1) what are you opinions about what me and dani were discussing? Do you think that my generation of players was so crippled by bf that we will always be at a disadvantage as long as players like you and dani keep crushing?
I’m glad you posted in here.
Anyone who started later and was cut off from playing online (and learning at the speed which online poker allows) had their poker growth stunted. However, anyone from your generation who did make the move out of the country to continue playing isn’t at a disadvantage due to age.
In fact, each generation seems to breed stronger players than the last, mostly due to how much tougher it is to survive in poker with each passing year. I came up at a time when games were pretty easy. A lot of players from my generation used to easily make $500+/hr and can no longer win in today’s games. Now they’re near 30 with no (or little) money and no education or job experience. This puts into perspective what we may consider an ‘advantage’.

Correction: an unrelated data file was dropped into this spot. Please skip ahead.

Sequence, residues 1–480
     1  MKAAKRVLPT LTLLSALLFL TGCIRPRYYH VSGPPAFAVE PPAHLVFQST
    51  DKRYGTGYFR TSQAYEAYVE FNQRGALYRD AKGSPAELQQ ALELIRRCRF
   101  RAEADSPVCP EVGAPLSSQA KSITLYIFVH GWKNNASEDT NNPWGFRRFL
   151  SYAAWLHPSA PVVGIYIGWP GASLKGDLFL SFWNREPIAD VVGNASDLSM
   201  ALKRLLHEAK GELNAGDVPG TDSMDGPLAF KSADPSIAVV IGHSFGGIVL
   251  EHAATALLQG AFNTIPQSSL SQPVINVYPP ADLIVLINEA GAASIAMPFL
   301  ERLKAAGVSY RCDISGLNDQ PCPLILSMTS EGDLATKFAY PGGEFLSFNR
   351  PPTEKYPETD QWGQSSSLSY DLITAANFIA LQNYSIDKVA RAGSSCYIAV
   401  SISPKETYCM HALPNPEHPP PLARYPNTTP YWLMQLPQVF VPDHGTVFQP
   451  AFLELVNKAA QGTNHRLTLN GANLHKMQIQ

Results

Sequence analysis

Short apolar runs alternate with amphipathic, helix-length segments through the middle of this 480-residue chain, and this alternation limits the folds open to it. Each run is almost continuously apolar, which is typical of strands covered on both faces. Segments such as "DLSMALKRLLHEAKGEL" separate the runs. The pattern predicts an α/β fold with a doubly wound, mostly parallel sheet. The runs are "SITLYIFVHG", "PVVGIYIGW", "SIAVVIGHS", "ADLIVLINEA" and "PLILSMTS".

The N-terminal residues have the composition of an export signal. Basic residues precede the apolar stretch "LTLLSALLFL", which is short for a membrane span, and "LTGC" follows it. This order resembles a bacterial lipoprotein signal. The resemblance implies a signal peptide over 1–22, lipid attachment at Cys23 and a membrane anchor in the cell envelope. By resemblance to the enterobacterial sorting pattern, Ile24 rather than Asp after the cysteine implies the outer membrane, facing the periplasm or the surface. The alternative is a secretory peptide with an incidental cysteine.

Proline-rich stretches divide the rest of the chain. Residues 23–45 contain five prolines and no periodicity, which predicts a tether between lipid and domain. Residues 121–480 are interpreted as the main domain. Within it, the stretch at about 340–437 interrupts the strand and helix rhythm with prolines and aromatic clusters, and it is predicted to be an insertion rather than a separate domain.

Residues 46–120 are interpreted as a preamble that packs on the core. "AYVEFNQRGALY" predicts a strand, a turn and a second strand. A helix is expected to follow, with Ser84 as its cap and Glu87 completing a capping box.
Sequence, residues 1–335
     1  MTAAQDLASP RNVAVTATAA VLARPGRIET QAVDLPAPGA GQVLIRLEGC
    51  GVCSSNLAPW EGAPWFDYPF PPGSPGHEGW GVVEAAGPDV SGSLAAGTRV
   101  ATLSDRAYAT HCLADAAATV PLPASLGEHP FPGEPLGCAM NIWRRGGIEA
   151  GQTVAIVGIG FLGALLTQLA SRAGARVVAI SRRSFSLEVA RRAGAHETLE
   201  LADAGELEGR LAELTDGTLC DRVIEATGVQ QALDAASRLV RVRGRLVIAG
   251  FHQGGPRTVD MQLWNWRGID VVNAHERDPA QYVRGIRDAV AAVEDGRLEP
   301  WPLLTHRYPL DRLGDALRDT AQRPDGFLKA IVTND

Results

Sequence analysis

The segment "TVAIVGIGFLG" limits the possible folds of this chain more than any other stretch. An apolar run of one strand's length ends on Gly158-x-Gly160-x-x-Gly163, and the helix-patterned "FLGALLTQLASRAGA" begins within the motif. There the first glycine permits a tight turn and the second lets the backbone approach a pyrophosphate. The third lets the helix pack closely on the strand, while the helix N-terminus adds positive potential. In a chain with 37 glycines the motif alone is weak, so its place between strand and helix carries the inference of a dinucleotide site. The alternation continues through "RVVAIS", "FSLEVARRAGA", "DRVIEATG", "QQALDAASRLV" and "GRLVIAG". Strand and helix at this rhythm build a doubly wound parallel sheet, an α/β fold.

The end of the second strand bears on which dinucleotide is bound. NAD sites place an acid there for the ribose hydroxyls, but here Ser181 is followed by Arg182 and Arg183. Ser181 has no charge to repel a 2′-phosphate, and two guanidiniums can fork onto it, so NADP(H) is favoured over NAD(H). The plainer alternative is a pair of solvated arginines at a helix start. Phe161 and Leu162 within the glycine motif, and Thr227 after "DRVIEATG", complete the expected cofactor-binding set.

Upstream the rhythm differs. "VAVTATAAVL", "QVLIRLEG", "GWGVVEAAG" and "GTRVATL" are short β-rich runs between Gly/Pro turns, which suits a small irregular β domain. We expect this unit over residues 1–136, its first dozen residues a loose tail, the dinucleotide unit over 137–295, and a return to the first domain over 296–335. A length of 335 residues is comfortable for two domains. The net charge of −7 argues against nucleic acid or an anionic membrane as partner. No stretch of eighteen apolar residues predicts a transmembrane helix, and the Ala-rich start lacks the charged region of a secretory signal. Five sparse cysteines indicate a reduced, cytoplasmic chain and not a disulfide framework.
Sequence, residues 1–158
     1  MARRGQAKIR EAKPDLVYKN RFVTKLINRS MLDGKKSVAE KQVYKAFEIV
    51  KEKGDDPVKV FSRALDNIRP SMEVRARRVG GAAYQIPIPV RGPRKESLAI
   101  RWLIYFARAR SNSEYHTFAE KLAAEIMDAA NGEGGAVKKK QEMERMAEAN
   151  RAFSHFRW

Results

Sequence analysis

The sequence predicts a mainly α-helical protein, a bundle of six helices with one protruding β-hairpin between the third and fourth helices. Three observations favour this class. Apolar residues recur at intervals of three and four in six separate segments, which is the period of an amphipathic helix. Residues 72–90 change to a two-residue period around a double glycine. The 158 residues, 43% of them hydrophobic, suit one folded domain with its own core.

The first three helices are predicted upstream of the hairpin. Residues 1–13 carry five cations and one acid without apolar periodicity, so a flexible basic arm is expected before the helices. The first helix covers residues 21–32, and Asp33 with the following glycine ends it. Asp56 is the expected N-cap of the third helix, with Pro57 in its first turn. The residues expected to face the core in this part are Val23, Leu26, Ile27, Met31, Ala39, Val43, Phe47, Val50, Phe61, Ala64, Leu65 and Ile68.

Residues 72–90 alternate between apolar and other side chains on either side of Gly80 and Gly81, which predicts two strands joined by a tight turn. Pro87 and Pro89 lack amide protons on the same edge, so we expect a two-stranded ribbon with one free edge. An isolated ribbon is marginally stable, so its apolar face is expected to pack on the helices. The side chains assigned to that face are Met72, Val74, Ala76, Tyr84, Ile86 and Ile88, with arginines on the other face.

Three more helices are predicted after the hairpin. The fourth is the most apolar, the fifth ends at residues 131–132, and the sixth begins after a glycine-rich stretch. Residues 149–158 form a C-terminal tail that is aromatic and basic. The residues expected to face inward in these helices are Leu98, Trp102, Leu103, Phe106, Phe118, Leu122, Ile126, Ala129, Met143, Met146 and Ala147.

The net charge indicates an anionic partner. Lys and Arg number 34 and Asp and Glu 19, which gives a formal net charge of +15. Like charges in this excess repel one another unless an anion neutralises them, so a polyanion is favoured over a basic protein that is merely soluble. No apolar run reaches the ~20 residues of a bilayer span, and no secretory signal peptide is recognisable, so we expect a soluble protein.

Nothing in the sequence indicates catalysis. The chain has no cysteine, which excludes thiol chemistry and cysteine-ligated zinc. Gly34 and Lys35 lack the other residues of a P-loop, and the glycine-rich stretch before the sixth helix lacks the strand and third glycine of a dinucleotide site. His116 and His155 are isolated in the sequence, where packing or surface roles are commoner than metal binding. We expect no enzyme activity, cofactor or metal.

These guys were doing so well (and had plenty of reason to think they’d continue to, especially for 20yr olds who aren’t going to think as conservatively and cautiously as older guys), that they abandoned school and careers. They were in for a rude awakening when the games got tough, and they realized they simply weren’t capable of keeping up.
New study tools emerge, and players who come up using them will have an advantage over the older players who never have, or who try to go back and figure it out. Even I am noticing that younger players have done range math (and can do more easily) that I’m not aware of. People have figured things out that I don’t understand, because I came up when study tools were a lot weaker.